16. Router as a Computer show version • Verify the router boot-up process: • -The show version command is used to view information about the router during the bootup process. Information includes: • Image name & IOS version • IOS (tm) C2600 Software (C2600-I-M), Version 12.2(28), RELEASE SOFTWARE (fc5). • Bootstrap version stored in ROM • ROM: System Bootstrap, Version 12.1(3r)T2, RELEASE SOFTWARE (fc1) • Image file name & where it was loaded from • System image file is "flash:c2600-i-mz.122-28.bin"

  17. Router as a Computer show version • Verify the router boot-up process: • Platform model number • CPU • Amount of RAM • Some series of routers, like the 2600, use a fraction of DRAM as packet memory. Packet memory is used for buffering packets. • To determine the total amount of DRAM on the router, add both numbers. In this example, the Cisco 2621 router has 60,416 KB (kilobytes) of free DRAM used for temporarily storing the Cisco IOS and other system processes. The other 5,120 KB is dedicated for packet memory. The sum of these numbers is 65,536K, or 64 megabytes (MB) of total DRAM.

  18. Router as a Computer show version • Verify the router boot-up process: • Number & type of interfaces • 2 FastEthernet/IEEE 802.3 interface(s) • 2 Low-speed serial(sync/async) network interface(s) • Amount of NVRAM • 32K bytes of non-volatile configuration memory. • NVRAM is used to store the startup-config file. • Amount of flash • 16384K bytes of processor board System flash (Read/Write) • This is the amount of flash memory on the router. Flash is used to permanently store the Cisco IOS.

  19. Router as a Computer show version • Configuration register • Configuration register is 0x2102 • The last line of the show version command displays the current configured value of the software configuration register in hexadecimal. If there is a second value displayed in parentheses, it denotes the configuration register value that will be used during the next reload. • The configuration register has several uses, including password recovery. The factory default setting for the configuration register is 0x2102. This value indicates that the router will attempt to load a Cisco IOS software image from flash memory and load the startup configuration file from NVRAM. • Note: The configuration register is discussed in more detail in a later course.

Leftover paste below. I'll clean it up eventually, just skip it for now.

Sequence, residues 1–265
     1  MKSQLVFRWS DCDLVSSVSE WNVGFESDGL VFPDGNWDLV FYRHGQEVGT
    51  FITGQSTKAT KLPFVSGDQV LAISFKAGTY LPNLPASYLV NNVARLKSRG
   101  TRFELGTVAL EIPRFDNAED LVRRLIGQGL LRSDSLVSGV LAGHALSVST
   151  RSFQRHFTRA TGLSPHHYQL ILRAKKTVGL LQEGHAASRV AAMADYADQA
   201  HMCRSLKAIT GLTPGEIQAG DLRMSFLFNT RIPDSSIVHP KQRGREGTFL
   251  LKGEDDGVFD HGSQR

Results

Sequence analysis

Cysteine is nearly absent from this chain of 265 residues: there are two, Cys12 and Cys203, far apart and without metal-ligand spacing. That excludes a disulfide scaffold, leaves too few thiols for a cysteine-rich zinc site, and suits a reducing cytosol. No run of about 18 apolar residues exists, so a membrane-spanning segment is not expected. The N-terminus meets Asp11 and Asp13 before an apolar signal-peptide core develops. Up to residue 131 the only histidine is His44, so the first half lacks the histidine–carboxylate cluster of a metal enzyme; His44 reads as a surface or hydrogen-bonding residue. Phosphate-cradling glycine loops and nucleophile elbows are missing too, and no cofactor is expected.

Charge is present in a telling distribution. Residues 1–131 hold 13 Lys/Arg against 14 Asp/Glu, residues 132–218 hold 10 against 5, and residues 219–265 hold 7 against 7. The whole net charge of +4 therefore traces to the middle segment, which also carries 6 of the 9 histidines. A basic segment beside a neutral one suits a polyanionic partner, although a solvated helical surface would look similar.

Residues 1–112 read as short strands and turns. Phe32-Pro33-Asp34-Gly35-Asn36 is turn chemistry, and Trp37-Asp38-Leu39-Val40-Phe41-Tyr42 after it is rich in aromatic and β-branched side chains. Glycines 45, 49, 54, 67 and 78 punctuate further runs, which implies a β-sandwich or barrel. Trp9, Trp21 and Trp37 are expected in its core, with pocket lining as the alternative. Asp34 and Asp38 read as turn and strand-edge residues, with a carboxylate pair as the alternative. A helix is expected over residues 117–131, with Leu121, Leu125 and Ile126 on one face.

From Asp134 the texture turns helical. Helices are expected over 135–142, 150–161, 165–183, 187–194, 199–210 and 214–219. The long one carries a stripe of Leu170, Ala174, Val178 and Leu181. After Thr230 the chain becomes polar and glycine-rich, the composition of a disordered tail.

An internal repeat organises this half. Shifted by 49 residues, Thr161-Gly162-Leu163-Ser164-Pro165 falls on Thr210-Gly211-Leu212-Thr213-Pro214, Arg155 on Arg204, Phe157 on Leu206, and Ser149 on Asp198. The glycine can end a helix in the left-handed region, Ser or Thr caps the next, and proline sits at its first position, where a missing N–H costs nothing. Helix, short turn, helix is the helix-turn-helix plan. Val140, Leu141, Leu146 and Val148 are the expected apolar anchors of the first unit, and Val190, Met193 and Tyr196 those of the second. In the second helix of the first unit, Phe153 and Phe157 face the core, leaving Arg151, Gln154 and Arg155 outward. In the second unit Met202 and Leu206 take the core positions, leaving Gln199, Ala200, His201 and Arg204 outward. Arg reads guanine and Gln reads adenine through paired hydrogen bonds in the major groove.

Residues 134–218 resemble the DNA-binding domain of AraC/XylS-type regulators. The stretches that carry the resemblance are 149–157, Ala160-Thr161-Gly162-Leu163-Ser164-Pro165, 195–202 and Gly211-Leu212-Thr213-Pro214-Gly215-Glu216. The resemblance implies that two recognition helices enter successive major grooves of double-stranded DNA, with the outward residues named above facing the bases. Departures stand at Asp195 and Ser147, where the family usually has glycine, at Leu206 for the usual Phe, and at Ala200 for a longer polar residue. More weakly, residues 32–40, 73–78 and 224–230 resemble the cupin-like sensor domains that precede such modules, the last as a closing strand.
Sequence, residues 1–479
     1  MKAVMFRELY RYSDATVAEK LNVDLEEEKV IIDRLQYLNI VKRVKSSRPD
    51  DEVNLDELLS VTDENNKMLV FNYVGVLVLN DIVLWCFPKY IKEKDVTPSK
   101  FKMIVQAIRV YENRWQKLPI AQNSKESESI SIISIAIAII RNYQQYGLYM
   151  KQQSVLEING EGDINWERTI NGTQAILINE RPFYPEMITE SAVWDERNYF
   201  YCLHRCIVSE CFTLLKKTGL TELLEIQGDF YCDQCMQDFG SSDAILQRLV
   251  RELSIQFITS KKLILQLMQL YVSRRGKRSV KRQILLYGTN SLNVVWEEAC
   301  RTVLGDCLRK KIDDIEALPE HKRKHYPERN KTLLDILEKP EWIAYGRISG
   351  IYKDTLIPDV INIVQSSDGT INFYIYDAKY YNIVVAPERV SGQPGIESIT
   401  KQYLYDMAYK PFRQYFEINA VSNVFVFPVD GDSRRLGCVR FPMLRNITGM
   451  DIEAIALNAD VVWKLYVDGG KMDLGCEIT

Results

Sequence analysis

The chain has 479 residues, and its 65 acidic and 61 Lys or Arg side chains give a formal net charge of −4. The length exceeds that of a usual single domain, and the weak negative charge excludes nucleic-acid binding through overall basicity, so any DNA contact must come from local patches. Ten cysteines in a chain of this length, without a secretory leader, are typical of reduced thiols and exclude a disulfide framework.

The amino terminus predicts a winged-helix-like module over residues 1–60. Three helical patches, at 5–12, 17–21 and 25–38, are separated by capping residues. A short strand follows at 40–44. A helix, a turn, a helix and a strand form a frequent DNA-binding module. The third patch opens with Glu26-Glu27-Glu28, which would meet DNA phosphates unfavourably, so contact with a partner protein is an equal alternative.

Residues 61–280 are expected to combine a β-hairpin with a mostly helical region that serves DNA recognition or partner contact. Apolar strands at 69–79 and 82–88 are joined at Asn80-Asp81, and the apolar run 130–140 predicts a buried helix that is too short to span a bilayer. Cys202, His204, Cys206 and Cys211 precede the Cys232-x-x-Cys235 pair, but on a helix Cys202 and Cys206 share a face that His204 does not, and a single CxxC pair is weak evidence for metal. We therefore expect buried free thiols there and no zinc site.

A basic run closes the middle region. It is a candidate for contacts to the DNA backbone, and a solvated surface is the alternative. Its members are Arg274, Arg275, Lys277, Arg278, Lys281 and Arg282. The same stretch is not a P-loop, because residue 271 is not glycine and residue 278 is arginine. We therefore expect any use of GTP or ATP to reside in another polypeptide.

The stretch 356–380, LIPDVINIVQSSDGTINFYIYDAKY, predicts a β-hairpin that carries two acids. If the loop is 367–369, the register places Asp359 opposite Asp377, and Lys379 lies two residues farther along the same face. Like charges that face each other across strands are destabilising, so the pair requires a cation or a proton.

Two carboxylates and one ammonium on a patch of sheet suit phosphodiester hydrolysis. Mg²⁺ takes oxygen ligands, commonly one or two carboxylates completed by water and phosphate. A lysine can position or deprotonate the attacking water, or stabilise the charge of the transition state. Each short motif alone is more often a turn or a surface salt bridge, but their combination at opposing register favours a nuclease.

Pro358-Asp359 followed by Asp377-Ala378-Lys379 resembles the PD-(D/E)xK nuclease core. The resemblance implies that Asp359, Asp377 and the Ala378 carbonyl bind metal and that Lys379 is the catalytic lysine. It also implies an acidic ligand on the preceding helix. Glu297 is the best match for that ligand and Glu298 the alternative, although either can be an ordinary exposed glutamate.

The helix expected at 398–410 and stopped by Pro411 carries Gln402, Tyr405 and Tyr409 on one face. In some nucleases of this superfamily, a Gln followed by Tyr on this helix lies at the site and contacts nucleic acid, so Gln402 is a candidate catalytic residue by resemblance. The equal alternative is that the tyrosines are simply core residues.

20. Configuration register • The order in which the router looks for system bootstrap depends on the boot field setting in the configuration register. • The default configuration register setting can be changed with the global configuration mode command config-register. • Use a hexadecimal number as the argument for this command. • The configuration register is a 16-bit register in NVRAM. • The lowest four bits of the configuration register form the boot field. • To ensure that the upper 12 bits are not changed, first retrieve the current values of the configuration register using the show version command. • Then use the config-register command, changing only the value of the last hexadecimal digit.

  21. Configuration register (cont.) • To enter the ROM monitor mode, set the configuration register value to 0xnnn0, • where nnn represents the previous value of the non-boot field digits. • This value sets the boot field bits to 0000 binary. • From ROM monitor, boot the operating system manually by using the b command at the ROM monitor prompt. • To configure the system to boot automatically from ROM, set the configuration register to 0xnnn1, • This value sets the boot field bits to 0001 binary. • To configure the system to use the boot system commands in NVRAM, set the configuration register to any value from 0xnnn2 to 0xnnnF, • These values set the boot field bits to a value between 0010 and 1111 binary. • Using boot system commands in NVRAM is the default. Check Configuration Register value (NVRAM) 0 = ROM Monitor mode 1 = ROM IOS 2 - 15 = Boot system from Flash

  22. How a Cisco device locates and loads IOS The config-register can be Downloaded from: • Demo • config-register

  23. Configuration register: 0, 1, and 2 and above

  24. Configuration register: 2102 and 2142

  25. Configuration register Router(config)#config-register value 1 2 3